2022, PG-13, 87 min. Directed by James Ponsoldt. Starring Lia Barnett, Madalen Mills, Sanai Victoria, Eden Grace Redfield, Lake Bell, Megan Mullally, Sarah Cooper.
REVIEWED By Matthew Monagle, Fri., Aug. 12, 2022
There is a reason Stephen King spends so much time in the waning hours of childhood: No period in your life so fundamentally changes the rules of what it means to be a person. For some, the transition is gradual – for others, sudden – but those first few weeks of middle school often chart a course you are destined to follow for the most formative years of your life. And while James Ponsoldt (The Spectacular Now, The End of the Tour) authors a slightly uneven depiction of childhood, Summering still captures the gentle doom of being aware that your life is about change forever.
It is the final week before the end of summer, and a group of girls is about to make the terrifying leap to middle school. Daisy (Barnett), Lola (Victoria), Dina (Mills), and Mari (Redfield) have been friends forever, and the hallmarks of their friendship can be found adorning the secret corner of a nearby riverbed they call Terabithia. But when their final pilgrimage uncovers a dead body, the girls decide to launch one last summer adventure. They will learn the identity of this man and bring it upon themselves to share the news with his loved ones personally.
Given the general premise – preteens on the hunt for a dead body as a symbolic coming-of-age ritual – you’d be forgiven for thinking that Summering is a modern-day take on Stand by Me. But Summering isn’t a film about death. It’s a film about dying. After the girls find the man’s body, each of them eases back into their evening routines. It is here we notice just how different their family environments truly are. Each girl still carries her parents’ belief system proudly, and as the film progresses, these different threads begin to pull the group apart. Whether it’s spirituality or science, we see tension within the group where before there was only peace.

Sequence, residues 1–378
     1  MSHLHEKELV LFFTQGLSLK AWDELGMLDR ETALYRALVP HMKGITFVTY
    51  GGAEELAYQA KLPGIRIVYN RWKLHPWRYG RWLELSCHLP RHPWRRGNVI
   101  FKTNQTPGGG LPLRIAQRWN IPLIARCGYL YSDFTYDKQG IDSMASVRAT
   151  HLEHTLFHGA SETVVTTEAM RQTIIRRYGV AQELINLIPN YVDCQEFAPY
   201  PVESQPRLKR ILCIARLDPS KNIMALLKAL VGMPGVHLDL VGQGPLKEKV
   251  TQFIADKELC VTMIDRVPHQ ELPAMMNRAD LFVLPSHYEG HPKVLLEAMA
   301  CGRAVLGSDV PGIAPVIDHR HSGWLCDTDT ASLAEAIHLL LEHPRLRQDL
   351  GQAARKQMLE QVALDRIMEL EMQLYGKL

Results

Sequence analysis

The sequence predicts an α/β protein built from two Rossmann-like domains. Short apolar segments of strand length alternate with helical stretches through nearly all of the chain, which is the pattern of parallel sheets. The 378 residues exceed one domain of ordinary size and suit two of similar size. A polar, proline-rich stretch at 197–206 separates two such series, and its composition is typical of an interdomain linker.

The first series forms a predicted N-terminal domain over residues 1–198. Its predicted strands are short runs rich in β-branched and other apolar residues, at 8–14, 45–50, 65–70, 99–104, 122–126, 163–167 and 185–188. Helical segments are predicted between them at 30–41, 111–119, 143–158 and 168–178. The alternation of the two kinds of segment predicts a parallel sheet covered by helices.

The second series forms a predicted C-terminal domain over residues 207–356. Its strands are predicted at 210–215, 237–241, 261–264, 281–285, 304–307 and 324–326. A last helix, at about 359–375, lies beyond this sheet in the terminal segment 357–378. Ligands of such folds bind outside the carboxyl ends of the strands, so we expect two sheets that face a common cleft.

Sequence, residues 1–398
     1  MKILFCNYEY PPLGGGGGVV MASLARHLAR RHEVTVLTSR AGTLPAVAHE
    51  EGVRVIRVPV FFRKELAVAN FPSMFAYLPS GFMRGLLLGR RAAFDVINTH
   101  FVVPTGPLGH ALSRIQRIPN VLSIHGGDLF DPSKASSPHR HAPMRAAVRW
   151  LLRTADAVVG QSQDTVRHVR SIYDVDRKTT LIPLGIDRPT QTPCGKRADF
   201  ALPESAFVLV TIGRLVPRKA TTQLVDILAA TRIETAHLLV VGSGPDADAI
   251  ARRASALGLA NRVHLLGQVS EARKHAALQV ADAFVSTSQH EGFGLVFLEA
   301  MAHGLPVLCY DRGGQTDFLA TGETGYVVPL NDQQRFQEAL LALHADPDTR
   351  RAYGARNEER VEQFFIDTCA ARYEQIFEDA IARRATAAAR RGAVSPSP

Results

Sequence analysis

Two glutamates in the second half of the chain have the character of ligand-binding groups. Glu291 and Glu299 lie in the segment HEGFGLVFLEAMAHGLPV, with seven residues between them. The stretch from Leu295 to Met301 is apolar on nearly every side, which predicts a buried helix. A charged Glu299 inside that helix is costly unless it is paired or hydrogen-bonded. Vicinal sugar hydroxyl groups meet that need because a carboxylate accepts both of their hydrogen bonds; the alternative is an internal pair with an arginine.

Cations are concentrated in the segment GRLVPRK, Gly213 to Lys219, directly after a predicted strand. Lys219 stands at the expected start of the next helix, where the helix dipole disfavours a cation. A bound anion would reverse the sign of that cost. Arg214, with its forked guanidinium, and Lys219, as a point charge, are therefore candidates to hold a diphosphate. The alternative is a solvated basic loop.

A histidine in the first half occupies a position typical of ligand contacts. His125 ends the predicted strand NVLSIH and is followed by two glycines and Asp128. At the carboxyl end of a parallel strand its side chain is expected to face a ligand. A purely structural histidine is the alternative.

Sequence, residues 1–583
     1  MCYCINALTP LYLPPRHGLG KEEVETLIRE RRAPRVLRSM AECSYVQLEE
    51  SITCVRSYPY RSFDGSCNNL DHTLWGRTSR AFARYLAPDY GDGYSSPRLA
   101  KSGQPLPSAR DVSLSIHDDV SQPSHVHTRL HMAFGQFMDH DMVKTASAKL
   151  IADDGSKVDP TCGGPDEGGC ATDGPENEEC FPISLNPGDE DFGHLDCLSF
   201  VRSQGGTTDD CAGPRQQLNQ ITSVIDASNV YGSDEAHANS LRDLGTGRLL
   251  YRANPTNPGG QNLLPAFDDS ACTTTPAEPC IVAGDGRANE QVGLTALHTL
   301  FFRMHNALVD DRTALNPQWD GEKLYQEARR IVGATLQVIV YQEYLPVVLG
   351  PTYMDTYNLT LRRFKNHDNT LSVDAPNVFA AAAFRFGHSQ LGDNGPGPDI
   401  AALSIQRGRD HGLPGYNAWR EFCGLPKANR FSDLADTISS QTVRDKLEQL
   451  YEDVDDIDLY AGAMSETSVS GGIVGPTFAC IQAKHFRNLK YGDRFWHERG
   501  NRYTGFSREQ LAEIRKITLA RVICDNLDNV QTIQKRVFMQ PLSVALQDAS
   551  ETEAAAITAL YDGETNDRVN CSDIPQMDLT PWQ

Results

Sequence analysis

These foundational beliefs will shape the places you are accepted and the social circles – half chosen, half preordained – that define your formative years. The days of this group are sorely numbered. As the child most versed in tragedy, Daisy knows this, and her hesitant narration about the world around her only serve to underscore their upcoming transition. Ponsoldt can’t help but dabble a bit in magical realism – in one key sequence, a tree made of handprints at the local elementary school begins to shed its leaves – but these flourishes only distract. We do not need magical realism to understand the fantasy that this group is creating.
As they search for facts about the body, the girls’ adventure takes them across town and back, but the journey itself never adopts the same poignancy as their casual conversations. Each girl seems afraid to voice her concerns about the coming weeks, so they talk around their fears, puffing up their knowledge of crime scenes and séances while avoiding having the only conversation that matters. In the end, we enjoy the journey, even if the story beats are more harvested than heartfelt. The cast makes it true.